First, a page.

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  #1  
Old Aug 16, 2002, 12:27 AM
Infamous Red Infamous Red is offline
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Default dvd+r vs. dvd-r

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i know that dvd+r are higher quality and so forth, but what are the other differences, also, can dvd+r burners burn dvd-r.
  #2  
Old Aug 17, 2002, 04:54 AM
SSSERPENT SSSERPENT is offline
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I asked this very question a couple of weeks back. You say dvd+r is better quality, in what way better. As for other differences, the 2 format are as different as Beta( +r/rw) and VHS (-r/rw), this is my opinion before you all start freakin'. After a lot of searching i ended up buyig a Pioneer 104 dvd-r/rw, tons of people have'em and the media is a fair price. If your thinking of buying a dvd-r then go with the masses, i doubt you'll be sorry.
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Old Aug 17, 2002, 05:40 AM
long.ian long.ian is offline
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hi m8
i to have the Pioneer 104 dvd-r/rw and it is a top piece of kit
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Old Aug 21, 2002, 04:27 AM
Real_iltfg Real_iltfg is offline
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I agree, I have a Pioneer A03 and love it. But what is the actual differnect in DVD-R and DVD+R?
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Old Aug 21, 2002, 12:20 PM
billywiz billywiz is offline
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i me to I have The Pioneer A04 Its The Boy Like very happy with it

cheerz billywiz

My Refs ***********.cdrom-guide.com/forums/showthread.php?s=&threadid=164032
  #6  
Old Aug 21, 2002, 02:48 PM
lindon-p lindon-p is offline
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here we go this is what i have found out it might help a little
DVD stands for Digital Versatile or Video Disc, DVDR stands for DVD Recordable and DVDRW for DVD ReWriteable. A single layer* DVDR(W) fits about 2 hours of very good quality DVD-Video, MPEG2, including several audio tracks, stereo, Dolby Digital or DTS and also advanced menu systems and subtitles. If you choose to lower the video quality it is possible to store several hours video on a DVDR(W) using low bitrate and low resolution with quality more like SVCD,CVD. It is also possible to have ordinary data on a DVD that can be played by all DVD-ROMs.

Today does it exist some different types of DVD Recording standards, all those only support single layer DVDrs(DVD-5)* which mean that you can store up to 4.7 BB (4.37 GB)* data or up to 2 hours of very good video. The formats are:

DVD-R and DVD-RW
DVD-R is none rewriteable format and is compatible with many existing DVD-ROM drives and many DVD-Video players(very roughly about 85% of all players).
DVD-RW is a rewriteable format and it is compatible with many newer DVD-ROM drives and DVD-Video players(very roughly about 65% of all players).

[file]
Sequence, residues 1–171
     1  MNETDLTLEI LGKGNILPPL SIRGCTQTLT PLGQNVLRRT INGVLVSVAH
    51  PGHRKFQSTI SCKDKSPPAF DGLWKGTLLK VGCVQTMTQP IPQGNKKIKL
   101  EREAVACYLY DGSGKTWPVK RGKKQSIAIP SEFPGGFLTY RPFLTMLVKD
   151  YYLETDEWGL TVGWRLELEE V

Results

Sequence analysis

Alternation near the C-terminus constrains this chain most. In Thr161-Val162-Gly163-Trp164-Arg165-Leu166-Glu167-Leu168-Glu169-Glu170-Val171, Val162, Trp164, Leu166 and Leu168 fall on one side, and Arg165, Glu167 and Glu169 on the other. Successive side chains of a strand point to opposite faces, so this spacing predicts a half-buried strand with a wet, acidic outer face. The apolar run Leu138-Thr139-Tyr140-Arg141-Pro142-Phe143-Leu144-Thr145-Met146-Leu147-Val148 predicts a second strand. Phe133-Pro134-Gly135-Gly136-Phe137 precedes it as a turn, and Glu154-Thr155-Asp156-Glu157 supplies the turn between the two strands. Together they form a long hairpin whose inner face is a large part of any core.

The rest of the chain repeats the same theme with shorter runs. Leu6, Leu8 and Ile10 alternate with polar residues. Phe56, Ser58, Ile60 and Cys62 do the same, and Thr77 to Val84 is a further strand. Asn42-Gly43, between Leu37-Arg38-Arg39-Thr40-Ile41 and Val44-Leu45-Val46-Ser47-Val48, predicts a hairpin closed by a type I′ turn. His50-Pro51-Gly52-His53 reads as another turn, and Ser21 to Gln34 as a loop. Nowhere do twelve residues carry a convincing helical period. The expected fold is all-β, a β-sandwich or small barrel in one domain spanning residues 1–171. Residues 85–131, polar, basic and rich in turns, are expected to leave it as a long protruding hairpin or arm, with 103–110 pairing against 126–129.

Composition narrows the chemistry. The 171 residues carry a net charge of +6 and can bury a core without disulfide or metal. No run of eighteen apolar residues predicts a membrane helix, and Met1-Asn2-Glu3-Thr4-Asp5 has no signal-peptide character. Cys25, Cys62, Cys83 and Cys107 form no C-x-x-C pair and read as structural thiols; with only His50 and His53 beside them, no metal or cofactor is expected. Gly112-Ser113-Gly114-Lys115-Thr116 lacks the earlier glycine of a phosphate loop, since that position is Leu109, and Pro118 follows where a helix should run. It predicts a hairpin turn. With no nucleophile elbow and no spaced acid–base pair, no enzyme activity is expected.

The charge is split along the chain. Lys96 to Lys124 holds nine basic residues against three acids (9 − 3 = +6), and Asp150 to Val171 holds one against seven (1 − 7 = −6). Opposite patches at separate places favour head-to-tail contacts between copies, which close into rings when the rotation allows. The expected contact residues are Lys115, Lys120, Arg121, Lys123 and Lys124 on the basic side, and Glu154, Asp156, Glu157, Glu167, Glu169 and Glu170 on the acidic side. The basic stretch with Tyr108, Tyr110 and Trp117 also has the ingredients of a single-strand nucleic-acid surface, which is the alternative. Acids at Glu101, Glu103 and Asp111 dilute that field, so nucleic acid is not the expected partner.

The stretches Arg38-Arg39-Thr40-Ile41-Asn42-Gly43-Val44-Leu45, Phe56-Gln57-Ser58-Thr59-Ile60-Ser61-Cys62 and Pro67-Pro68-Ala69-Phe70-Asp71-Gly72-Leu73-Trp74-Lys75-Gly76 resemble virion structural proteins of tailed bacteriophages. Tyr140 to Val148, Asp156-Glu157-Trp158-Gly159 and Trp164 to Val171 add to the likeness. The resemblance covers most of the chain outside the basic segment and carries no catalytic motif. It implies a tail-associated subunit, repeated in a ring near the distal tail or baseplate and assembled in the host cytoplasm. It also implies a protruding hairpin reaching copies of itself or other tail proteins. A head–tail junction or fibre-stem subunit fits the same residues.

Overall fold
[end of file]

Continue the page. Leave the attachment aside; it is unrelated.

These formats are supported by DVDForum.

DVD+R and DVD+RW
DVD+R(W) has some better features than DVD-R(W) such as both CAV and CLV writing.
DVD+R is a none rewritable format and is compatible with many existing DVD-ROM drives and many DVD-Video players(very roughly about 80% of all players).
DVD+RW is a rewritable format and is compatible with many newer DVD-ROM drives and many DVD-Video players(very roughly about 70% of all players).
These format are supported by the DVD+RW Alliance.

DVD-RAM
is not compatible with most DVD-ROM drives and DVD-Video players. Think of it as a removable hard disk that can also read DVD-ROM discs. This format is supported by DVDForum.

Currently there are many writeable and rewriteable formats on the market and it can be confusing to the general consumer. These formats include:



DVD-RAM

DVD-R

DVD-RW

DVD+R

DVD+RW


DVD-RAM

DVD-RAM is a format primarily used as a data solution, although the type of data stored can include many types of data including video. Early version 1 recorders used 2.6 GB discs (or double-sided 5.2 GB discs), but current version 2 drives can handle 4.7 GB discs (or double-sided 9.4 GB discs). These discs are traditionally housed within a cartridge which cannot be opened, so that the media is well-protected. Newer Type 2 cartridges can be opened however, which is important for some people who wish to read these discs in drives or standalone DVD-Video players/recorders which do not use the DVD-RAM cartridge loading mechanism.

DVD-RAM is a sanctioned format of the DVD Forum, a consortium of companies involved in the development of DVD standards. DVD-RAM is a very robust data storage solution, theoretically allowing greater than 100000 rewrites per disc. In addition, similar to a hard drive, it allows full random read/write access and has defect management. An additional benefit of DVD-RAM is that, having been around for several years, it is a tried and true technology which has native support in Windows XP and Mac OS X. The discs are usually formatted with the UDF format, but can be formatted to such formats as FAT32 in Windows and HFS+ for Mac, or others. The main drawback of DVD-RAM is its very limited read compatibility in DVD-ROM drives and standalone DVD-Video players. DVD-RAM read support in these machines is increasing however.